3 Easy Steps to Finding the Right Factor for Your Business Invoices


invoice factoringInvoice factoring is a financial tool used by many companies to help increase cash flow. The process is relatively simple. You sell your open accounts receivable to a factor in exchange for immediate cash.

You benefit by having access to the current value of your open invoices in a matter of hours instead of having to wait 30, 60 or 90 days to be paid by your customer.

This article gives you the three easy steps necessary to find the right factoring company for you.

1. Initial Research– The first step in finding the right factor for your company is to do a brief survey of the market. While Google is a great way to start, you’ll be inundated with results.  One of the ways to make things easier on yourself is to start your search on the website of the International Factoring Association, www.factoring.org.

The IFA is a trade organization of banks and commercial finance companies that provide factoring services. Any reputable factoring company should be a member of the IFA. Search their website by industry or geography to find a good initial list of factors to contact.

  • Pay attention to the geographies and industries they serve as well as the size of the facilities they provide. Size is an important criterion. Factors tend to specialize in providing financing to companies in specific annual revenue ranges.

Related: Small Business Factoring

2. Compare Firms – Once you have an initial list of firms the next step is to dive deeper into the specifics of each company in order to make an informed comparison.  The following is a list of questions that each factor should be asked:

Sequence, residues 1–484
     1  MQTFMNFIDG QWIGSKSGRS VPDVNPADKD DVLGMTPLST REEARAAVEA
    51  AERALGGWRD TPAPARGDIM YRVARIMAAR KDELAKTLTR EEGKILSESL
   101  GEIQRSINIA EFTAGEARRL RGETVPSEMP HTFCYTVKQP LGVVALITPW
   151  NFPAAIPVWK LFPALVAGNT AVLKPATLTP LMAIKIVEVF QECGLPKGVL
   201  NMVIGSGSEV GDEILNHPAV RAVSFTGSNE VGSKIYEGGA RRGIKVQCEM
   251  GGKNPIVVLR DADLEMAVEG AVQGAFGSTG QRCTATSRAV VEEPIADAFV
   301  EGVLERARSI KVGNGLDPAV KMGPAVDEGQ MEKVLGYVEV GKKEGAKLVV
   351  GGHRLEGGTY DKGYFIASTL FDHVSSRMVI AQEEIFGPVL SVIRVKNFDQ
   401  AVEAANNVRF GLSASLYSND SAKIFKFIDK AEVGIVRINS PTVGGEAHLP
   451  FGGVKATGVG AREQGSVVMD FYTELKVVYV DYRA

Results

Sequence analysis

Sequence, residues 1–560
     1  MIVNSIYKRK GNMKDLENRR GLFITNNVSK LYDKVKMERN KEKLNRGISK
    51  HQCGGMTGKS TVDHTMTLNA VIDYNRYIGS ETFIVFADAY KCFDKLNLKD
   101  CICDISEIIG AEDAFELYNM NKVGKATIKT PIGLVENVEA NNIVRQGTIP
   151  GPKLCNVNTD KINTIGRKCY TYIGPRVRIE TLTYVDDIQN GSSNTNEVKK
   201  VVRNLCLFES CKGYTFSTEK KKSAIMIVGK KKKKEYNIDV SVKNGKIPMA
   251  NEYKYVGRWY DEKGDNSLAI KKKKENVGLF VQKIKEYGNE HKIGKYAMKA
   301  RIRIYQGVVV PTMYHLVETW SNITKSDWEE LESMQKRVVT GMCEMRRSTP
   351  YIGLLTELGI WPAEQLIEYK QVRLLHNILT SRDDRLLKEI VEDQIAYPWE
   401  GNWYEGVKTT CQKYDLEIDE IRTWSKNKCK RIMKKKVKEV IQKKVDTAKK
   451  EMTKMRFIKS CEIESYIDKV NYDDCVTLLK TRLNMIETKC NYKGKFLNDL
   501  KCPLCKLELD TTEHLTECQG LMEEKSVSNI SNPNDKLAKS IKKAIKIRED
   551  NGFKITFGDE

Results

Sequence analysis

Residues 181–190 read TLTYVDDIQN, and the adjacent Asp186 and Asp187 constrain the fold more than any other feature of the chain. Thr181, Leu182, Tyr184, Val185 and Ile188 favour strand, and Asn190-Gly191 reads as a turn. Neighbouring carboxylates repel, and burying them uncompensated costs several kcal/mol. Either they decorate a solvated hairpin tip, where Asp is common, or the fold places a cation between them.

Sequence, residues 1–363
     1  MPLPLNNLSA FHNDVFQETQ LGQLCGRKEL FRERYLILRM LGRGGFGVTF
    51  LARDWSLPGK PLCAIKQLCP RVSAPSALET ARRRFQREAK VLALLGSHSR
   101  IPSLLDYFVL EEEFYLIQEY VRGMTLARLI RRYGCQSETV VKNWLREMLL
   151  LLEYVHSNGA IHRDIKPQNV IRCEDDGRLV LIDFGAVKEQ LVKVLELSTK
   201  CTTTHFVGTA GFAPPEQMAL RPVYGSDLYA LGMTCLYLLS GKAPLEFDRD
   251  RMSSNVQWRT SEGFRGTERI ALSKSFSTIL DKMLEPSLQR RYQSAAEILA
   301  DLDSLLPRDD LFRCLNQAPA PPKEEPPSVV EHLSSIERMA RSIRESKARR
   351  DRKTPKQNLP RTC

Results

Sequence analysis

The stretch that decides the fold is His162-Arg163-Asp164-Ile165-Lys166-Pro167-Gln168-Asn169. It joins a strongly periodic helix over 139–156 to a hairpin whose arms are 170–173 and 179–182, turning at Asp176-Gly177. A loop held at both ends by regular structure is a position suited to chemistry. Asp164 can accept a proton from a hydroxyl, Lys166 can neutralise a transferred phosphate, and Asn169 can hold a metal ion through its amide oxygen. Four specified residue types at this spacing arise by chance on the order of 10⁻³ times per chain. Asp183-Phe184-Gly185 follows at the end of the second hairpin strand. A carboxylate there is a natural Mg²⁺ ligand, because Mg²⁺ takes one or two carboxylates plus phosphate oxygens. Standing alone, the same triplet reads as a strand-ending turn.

• How long have they been in business? The length of experience a firm has directly effects their ability to handle your account. 
  • Are they brokers or direct funding companies? There are many brokers that advertise as factoring companies but it is important to identify at the beginning of a transaction if the entity you are dealing with is a broker or a funding company.
  • What is the typical pricing structure for companies like yours? Ask them to send you a list of all the different charges that are associated with the facility.
  • What is advance rate? This is the percentage of the face value of the invoice the company advances when the invoice is created. Typical advance rates are between 80% and 90%.
  • How do the mechanics work? With the changes in technology, there are online factoring companies who handle the entirety of their clients’ transactions via the internet.  Make sure to understand how any invoice is funded and how you are able to track all the charges on your account.

Related: Compare factoring vendors

3. Sign the DealI recommend going through the due diligence process with two factoring companies. Be upfront with both the firms that you are working with one of their competitors to make sure you find the right match.

Once approved, you receive a factoring contract along with a few ancillary documents to review and sign. Typically factoring contracts are anywhere between 10 and 30 pages. They are pretty technical documents and are often difficult to read and understand. I recommend that you read them in detail and then review any questions you have with a lawyer who is familiar with factoring.

Confirm the following business terms in the contract:

  • Contract term
  • Advance Rate
  • Personal Guaranty
  • Collateral
  • Events of Default
  • Fees and Charges

The most important thing in finding the right factoring firm for your company is to give yourself plenty of time to do the research and make the right decision. The last thing you want to do is put off this process until it becomes critical to the survival of your firm.

Bio: This post was provided by Matt Begley’s of www.fastarfunding.com. You can contact him via email: mbegley@fastarfunding.com.


View Comments

Leave a Reply

Your email address will not be published. Required fields are marked *

You may use these HTML tags and attributes: <a href="" title=""> <abbr title=""> <acronym title=""> <b> <blockquote cite=""> <cite> <code> <del datetime=""> <em> <i> <q cite=""> <strike> <strong>